A community is made up of a variety of people with different functions and occupations. Each occupation can serve as a prompt for poems. One of the most famous poems in English paying tribute to an occupational group is Henry Wadsworth Longfellow’s poem, “The Village Blacksmith.” I remember my grandmother reciting this poem, with some wistfulness in her voice. By the time I was born, she was living in Iowa City, Iowa, and most families had automobiles or got around town on the foot or on the bus. So far as I know, there was no blacksmith in town. My grandmother had grown up in Lincoln, Kansas, a small, rural prairie town. There still was a blacksmith in Lincoln when my grandmother took me to visit. Today, though most of us know about the blacksmith only from reading Longfellow’s poem or historical novels.
The Village Blacksmith
Under a spreading chestnut-tree
The village smithy stands;
The smith, a mighty man is he,
With large and sinewy hands;
And the muscles of his brawny arms
Are strong as iron bands.
His hair is crisp, and black, and long,
His face is like the tan;
His brow is wet with honest sweat,
He earns whate'er he can,
And looks the whole world in the face,
For he owes not any man.
Week in, week out, from morn till night,
You can hear his bellows blow;
You can hear him swing his heavy sledge,
With measured beat and slow,
Like a sexton ringing the village bell,
When the evening sun is low.
And children coming home from school
Look in at the open door;
They love to see the flaming forge,
And bear the bellows roar,
And catch the burning sparks that fly
Like chaff from a threshing-floor.
He goes on Sunday to the church,
And sits among his boys;
He hears the parson pray and preach,
He hears his daughter's voice,
Singing in the village choir,
And it makes his heart rejoice.
It sounds to him like her mother's voice,
Singing in Paradise!
He needs must think of her once more,
How in the grave she lies;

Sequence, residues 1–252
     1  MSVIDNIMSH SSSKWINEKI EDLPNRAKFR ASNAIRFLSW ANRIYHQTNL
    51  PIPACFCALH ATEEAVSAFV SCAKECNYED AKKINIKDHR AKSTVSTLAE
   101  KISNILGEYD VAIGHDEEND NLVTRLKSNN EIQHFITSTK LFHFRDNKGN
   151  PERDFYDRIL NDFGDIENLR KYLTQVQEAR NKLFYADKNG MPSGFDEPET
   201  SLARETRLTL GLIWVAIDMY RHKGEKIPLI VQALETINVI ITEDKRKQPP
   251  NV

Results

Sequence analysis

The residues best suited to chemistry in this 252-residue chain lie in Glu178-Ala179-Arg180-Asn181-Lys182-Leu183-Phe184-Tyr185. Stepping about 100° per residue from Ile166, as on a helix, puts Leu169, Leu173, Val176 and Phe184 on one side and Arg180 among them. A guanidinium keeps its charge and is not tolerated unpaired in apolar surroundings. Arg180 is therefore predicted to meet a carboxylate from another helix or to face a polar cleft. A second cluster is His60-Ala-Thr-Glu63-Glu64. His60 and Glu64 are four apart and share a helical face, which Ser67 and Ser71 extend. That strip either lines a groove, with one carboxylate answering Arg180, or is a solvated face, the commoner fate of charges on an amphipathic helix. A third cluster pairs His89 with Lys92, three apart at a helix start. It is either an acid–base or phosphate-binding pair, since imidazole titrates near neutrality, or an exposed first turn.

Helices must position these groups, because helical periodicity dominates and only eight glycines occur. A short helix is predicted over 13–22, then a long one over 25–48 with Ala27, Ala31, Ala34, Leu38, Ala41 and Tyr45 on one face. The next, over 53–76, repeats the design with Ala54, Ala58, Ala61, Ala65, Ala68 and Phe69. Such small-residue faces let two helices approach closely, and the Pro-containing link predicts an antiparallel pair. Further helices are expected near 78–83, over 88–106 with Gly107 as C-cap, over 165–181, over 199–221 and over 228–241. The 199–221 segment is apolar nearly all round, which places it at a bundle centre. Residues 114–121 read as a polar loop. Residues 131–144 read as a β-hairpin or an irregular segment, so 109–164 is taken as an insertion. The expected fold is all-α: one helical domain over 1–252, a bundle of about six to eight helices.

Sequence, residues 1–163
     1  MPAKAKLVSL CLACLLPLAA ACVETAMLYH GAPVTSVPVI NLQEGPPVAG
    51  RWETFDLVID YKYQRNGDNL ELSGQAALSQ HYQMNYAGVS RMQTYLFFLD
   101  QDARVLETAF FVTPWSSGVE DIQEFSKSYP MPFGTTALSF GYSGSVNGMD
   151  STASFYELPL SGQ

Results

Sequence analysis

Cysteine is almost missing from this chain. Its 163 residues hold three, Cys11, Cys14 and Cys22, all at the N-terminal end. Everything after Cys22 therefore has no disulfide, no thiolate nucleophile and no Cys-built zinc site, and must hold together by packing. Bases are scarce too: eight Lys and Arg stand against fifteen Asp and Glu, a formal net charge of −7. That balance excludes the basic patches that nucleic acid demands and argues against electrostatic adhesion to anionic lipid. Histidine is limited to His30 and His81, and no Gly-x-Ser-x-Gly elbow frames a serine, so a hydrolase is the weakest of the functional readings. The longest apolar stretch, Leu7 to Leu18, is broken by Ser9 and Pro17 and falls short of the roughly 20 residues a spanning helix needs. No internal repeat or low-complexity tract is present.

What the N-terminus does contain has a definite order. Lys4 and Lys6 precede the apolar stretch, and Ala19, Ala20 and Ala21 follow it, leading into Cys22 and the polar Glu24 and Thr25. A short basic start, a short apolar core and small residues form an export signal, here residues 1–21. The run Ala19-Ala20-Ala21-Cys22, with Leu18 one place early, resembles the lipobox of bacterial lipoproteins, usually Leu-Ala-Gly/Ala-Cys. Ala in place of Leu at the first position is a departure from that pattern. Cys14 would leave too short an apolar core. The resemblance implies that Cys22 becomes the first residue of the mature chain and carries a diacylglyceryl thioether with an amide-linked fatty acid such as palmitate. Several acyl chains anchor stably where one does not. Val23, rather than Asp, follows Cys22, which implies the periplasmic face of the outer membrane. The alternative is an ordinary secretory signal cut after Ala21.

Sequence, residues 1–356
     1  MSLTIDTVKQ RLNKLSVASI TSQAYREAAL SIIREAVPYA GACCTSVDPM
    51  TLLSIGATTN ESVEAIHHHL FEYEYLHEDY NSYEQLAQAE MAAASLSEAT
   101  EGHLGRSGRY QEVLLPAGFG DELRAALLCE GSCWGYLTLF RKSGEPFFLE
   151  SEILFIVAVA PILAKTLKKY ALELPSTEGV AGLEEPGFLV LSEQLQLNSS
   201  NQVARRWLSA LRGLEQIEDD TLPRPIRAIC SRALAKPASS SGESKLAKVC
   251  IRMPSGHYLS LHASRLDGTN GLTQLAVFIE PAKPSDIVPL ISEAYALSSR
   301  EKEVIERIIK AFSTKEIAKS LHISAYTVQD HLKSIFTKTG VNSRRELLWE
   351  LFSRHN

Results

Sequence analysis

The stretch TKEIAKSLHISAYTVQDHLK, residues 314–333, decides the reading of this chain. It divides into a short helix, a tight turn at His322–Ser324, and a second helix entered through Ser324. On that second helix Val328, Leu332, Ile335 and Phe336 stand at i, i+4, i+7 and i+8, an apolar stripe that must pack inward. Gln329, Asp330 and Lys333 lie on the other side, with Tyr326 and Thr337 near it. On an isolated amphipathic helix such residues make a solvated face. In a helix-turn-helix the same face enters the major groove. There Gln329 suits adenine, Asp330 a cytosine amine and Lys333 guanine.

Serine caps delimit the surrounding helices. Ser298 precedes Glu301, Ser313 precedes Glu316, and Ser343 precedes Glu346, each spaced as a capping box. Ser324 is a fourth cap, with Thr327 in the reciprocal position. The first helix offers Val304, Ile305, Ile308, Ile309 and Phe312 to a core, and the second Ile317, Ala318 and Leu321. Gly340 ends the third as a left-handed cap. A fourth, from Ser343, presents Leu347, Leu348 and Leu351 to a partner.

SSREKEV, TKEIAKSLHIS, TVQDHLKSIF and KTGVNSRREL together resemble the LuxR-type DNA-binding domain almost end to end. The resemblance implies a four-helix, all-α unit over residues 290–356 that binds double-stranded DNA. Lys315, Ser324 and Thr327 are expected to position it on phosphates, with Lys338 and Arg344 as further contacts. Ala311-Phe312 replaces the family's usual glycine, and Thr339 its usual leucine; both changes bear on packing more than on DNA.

And with his haul, rough hand he wipes
A tear out of his eyes.
Onward through life he goes;
Each morning sees some task begin,
Each evening sees it close
Something attempted, something done,
Has earned a night's repose.
Thanks, thanks to thee, my worthy friend,
For the lesson thou hast taught!
Thus at the flaming forge of life
Our fortunes must be wrought;
Thus on its sounding anvil shaped
Each burning deed and thought.
~ Henry Wadsworth Longfellow
John Greenleaf Whittier wrote long, rhymed poems in honor of “The Ship-Builders,” “The Shoemaker,” “The Drovers,” “The Fishermen,” “The Huskers” and “The Lumbermen.” Some of these occupations have largely disappeared from the American scene. For instance, though there are still some shoe repair shops, most of the shoes we wear were made in factories—and often in factories abroad.
Whittier’s book. Songs of Labor, and other poems, is available on-line in the Google book, Songs of Labor and Other Poems by John Greenleaf Whittier, which can be downloaded at http://books.google.com/books?id=y2ERAAAAYAAJ&printsec=frontcover&source=gbs_ge_summary_r&cad=0#v=onepage&q&f=false.
There are links to several more contemporary poems about work and workers at http://www.huffingtonpost.com/2010/09/06/labor-day-poems-the-poetr_n_705337.html.
* Donald Hall, "The Ox Cart Man," in White Apples and the Taste of Stone: Selected Poems 1946-2006 (Houghton Mifflin Company, 2006), p. 94.
* Edward Hirsch, "The Custodian," The Atlantic (October 2011), p. 88.
In each community today—in any nations—there are people in a variety of occupations or professions. The challenge for October is to write a poem in tribute to persons who function in a particular occupation. It may be written about the occupation in general, as Whittier’s “The Drovers,” or you may use the singular, as Longfellow did, using his village blacksmith as an example of the best of the profession. The poem should not be a nostalgic look back, but deal with today’s reality. Pick an occupation that contributes to the welfare of your community today.
Your poem may be free verse or rhymed and metered. If you use a set form, please include the name of the form with your submission.
The deadline is October 15. Copyright on poems is retained by their authors.
Due to formatting restrictions on the blog, all poems should be left justified. Unfortunately I am unable to publish indentations, shaped poems or even extra spaces between words or phrases.
Poems published in books or on the Internet (including Facebook and other on-line social networks) are not eligible. If your poem has been published in a periodical, please include publication data. Poems submitted after the October 15 deadline will not be considered.
How to Submit Your Poem:
Send your poem to wildamorris[at]ameritech[dot]net (substitute the @ sign for “at” and a . for [dot]. Be sure provide your e-mail address. Submission of a poem gives permission for the poem to be posted on the blog if it is a winner, so be sure that you put your name, exactly as you would like it to appear if you do win, at the end of the poem.
© 2011 Wilda Morris
Post script: I've added several new links to poems of mine on the Internet.
Saturday, October 1, 2011
October 2011 Poetry Challenge
Posted by Wilda Morris at 11:50 PM
Labels: Henry Wadsworth Longfellow, John Greenleaf Whittier, occupation poems, The Village Blacksmith